Elsie Lockheart leant against the gunwale of her schooner, elbow resting on the smooth dark wood, chin resting in her hand. With her other hand, she absentmindedly twisted a wild curl of her salt and pepper hair, loose from her thick braids. Her grey eyes stared straight into the pre-dawn darkness of the night at open ocean, but her thoughts weren’t on the eerily quiet shadow of the waves, though she watched them. Instead, it mulled over the past, and the future.
Today was her last day in this life. When the moon crossed the sigil star, signalling midnight, she’d be passing to the realm beyond.
Elsie fiddled with an old gold bracelet—the source of her last days. A year ago tomorrow, she and her crew had raided a treasure hoard belonging to an ancient queen. Being captain, she’d had the glory of kicking open the first and largest of the treasure chests, closest to the sarcophagus of the queen, and had the glory of taking the full hit of the curse that had seeped out of it. When the strange mist had faded and she was certain she’d still been alive, the crew had gathered around her, pushing and shoving until they were squeezed as close as physically possible, to all hear what a parchment on the top of the chest had said, ears straining to listen to her shaking voice as she read aloud.
Death in one year hence. Only an act of true love could break her curse.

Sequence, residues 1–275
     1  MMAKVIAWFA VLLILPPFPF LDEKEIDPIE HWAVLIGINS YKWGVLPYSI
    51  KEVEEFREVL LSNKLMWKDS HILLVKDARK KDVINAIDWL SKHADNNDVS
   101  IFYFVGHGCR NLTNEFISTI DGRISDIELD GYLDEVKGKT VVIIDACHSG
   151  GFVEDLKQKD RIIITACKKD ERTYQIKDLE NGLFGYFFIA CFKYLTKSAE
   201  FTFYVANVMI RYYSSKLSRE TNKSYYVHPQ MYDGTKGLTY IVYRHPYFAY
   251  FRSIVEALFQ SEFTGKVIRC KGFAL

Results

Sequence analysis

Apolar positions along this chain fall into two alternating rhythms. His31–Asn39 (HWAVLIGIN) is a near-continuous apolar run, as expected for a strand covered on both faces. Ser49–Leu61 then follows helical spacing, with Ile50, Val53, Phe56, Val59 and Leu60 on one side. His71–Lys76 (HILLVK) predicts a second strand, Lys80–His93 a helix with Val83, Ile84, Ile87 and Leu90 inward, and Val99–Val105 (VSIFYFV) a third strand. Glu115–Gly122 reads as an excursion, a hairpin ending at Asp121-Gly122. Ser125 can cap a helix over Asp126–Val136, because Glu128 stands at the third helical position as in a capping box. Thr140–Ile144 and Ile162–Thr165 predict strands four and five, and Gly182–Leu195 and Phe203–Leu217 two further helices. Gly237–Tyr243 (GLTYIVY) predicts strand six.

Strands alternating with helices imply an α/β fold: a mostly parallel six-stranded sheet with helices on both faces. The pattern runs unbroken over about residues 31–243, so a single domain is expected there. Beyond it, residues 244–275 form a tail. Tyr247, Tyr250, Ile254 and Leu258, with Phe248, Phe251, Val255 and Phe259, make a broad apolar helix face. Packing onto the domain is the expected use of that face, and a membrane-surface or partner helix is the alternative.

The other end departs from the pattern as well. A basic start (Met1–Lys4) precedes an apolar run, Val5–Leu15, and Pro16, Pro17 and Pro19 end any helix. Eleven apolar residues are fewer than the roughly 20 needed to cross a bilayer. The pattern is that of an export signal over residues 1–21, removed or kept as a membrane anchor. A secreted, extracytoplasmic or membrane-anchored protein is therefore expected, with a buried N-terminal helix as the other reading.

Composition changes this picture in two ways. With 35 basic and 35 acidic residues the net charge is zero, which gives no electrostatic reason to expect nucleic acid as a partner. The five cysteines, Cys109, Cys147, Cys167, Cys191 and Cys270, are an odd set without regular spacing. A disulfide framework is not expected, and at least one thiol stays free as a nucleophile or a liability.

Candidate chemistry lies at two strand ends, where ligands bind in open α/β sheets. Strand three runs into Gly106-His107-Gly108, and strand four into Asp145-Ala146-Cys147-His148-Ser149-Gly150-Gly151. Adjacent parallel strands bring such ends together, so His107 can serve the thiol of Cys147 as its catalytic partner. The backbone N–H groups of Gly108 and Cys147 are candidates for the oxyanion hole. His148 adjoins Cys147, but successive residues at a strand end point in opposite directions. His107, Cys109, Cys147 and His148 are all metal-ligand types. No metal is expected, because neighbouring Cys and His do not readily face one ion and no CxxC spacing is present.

She’d scoffed, but the crew—bless her sweet crew—had all tried to persuade her (then and every day since) to try to find her true love and break the curse.
“Bah,” she’d said then and every day since. She was a captain of a fine pirate crew, and had tasted freedom for every day of her life since she’d set foot on a ship. She wasn’t going to abandon that to live on land like a landlubber and become some timid wife, just for the sake of living a little longer.
If a year was all she had, she’d live it free, and she’d life it with her crew, on the best of adventures.
Elsie and her first mate and scoured sources for all the best treasure hoards and adventures, mapping out the routes that would take them on as many as they could fit into a year.
“Forget true love. I’ll give you all an adventure you’ll never forget!” She’d told them the night after she’d been cursed, crashing down maps upon maps on the deck planks. She’d knelt right there and spread them out, calling her crew to gather about as she pointed out each route they’d take.
She grinned as she saw their faces light up in awe and excitement, and she felt her heart soar.
A year to fit in as many adventures as they could.
They’d sailed to the rainforests of the west and trundled through deep greens, climbing old stone ruins in search for Aztec emeralds. Then, they’d sailed north and watched the herds of buffalo, hearing the roaring of the earth as they ran in the biggest mass of heaving beast they’d ever seen. Next, even further north to spy on the ice-folk, their pale, nearly translucent tails powering them through the icy waters, glossy thick skin and hair that frosted over as soon as they rose above the freezing waters, raising their webbed hands towards the moon and stars.
Now, Elsie smiled, remembering their other adventures and the riches they’d found. The night was giving way to day, and the first dregs of blue light were bleeding into the black sky. She turned to look at the night’s watchman yawning, eager for the next rotation to wake up and take his place. She felt a sad twinge. Her crew had gathered up a good wealth in their year of adventures, enough to easily cover life without her whatever they chose to do next. She could die resting easy that she’d done her best by them, at least financially.
But of course she felt sad for leaving them.